With all of the wet weather this year, for many it seems like summer has only just begun. However, in a couple of weeks school will be back in session, which means many teens may be having their final summer fun before getting back into the routine of school. Since car crashes are the number one cause of teenage deaths, now is always a good time to remind teens about some simple but important safe-driving tips.
Simple but Crucial
- Obey the speed limits. Going too fast gives you less time to stop or react. Excess speed is one of the main causes of teenage accidents.
- Always wear your seat belt – and make sure all passengers buckle up, too. Don’t try to fit more people in the car than you have seat belts for them to use.
- Don’t text while driving or have too many passengers in the vehicle as distractions of any kind can cause an accident.
- Make sure your windshield is clean. At sunrise and sunset, light reflecting off your dirty windshield can momentarily blind you from seeing what’s going on.
Consider Other Drivers
- Don’t make assumptions about what other drivers are going to do. The only thing you can assume about another driver with a turn signal on is that they have a turn signal on. He/she might not be turning at all, and just forgot to turn it off.
- Watch out for aggressive drivers, and try to stay out of their way. They are the cause of a lot of accidents – especially on freeways.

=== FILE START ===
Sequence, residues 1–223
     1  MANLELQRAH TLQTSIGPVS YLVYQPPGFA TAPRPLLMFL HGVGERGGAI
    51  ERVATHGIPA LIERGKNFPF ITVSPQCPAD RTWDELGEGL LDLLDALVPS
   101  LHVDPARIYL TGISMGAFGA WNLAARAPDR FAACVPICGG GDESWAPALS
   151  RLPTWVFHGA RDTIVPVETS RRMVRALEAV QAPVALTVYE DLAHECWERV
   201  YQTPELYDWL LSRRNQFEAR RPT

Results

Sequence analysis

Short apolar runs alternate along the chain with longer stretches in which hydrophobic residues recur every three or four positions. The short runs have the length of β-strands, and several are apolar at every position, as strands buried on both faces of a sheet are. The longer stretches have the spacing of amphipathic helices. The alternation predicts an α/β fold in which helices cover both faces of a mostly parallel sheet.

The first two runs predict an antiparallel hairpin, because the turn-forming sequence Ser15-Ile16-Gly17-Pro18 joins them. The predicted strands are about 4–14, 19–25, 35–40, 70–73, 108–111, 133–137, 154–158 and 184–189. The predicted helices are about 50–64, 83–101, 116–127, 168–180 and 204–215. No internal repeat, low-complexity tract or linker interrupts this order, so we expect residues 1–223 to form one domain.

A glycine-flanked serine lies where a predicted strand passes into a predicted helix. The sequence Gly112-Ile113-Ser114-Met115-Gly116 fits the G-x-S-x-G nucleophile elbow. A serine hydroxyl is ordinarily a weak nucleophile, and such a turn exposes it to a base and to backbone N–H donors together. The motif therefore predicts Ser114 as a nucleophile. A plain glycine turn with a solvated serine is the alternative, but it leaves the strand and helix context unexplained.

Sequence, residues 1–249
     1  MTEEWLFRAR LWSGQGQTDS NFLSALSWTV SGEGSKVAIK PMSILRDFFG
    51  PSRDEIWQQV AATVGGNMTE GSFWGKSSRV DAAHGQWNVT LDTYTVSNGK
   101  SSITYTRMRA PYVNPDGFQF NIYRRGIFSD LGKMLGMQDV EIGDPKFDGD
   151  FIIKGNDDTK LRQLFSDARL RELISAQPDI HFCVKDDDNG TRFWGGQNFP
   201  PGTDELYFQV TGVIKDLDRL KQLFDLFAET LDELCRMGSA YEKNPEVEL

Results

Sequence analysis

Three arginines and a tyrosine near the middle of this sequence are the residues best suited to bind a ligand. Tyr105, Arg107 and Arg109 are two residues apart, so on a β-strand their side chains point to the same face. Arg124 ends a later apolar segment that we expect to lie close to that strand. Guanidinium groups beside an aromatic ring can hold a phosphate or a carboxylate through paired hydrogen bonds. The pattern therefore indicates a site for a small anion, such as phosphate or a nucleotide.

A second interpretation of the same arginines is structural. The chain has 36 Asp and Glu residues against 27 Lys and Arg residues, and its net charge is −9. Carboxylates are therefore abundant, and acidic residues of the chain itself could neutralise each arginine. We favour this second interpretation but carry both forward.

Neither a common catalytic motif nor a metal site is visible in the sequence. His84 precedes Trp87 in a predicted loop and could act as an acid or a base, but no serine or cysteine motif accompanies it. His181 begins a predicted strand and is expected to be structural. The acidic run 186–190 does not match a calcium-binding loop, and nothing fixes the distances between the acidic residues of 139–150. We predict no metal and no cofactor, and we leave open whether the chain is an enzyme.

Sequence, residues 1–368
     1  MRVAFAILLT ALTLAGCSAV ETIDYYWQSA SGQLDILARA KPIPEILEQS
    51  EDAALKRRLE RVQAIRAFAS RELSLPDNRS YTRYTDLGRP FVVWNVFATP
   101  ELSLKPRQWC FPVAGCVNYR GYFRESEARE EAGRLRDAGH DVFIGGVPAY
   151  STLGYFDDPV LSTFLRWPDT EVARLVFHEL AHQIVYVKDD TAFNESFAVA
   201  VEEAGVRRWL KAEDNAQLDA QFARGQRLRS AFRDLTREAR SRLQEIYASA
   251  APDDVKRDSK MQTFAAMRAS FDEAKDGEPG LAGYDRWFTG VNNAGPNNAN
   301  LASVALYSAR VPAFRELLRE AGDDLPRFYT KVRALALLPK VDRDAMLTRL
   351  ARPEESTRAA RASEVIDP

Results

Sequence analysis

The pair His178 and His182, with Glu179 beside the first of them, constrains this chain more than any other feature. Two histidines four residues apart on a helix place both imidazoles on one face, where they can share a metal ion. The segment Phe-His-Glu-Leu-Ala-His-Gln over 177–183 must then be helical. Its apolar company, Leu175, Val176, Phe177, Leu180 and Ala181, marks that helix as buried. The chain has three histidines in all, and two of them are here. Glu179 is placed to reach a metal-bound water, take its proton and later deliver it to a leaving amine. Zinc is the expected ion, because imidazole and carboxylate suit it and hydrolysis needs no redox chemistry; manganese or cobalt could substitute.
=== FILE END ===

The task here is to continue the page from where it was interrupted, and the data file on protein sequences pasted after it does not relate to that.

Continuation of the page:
- Never pull out in front of anyone or swerve into someone else’s lane.
- Make sure your car always has gas in it – don’t ride around with the gauge on empty.
- If you’re in the country, watch out for deer and other animals. If you see an animal approaching, slow down and flash your lights repeatedly. Dusk and dawn are particularly bad times for running into animals, so be on the lookout for them.
- When the light turns green, make sure the intersection clears before you go.
These tips and more are available on-line at teendriving.com. Wayne County 4-H offers an educational program called CARTEENS for first-time juvenile traffic offenders in partnership with the Wayne County Juvenile Court. For more information, contact me at the Extension Office.
Doug Foxx is an OSU Extension 4-H Youth Development Educator and may be reached at 330-264-8722.
CFAES provides research and related educational programs to clientele on a nondiscriminatory basis. For more information, visit cfaesdiversity.osu.edu.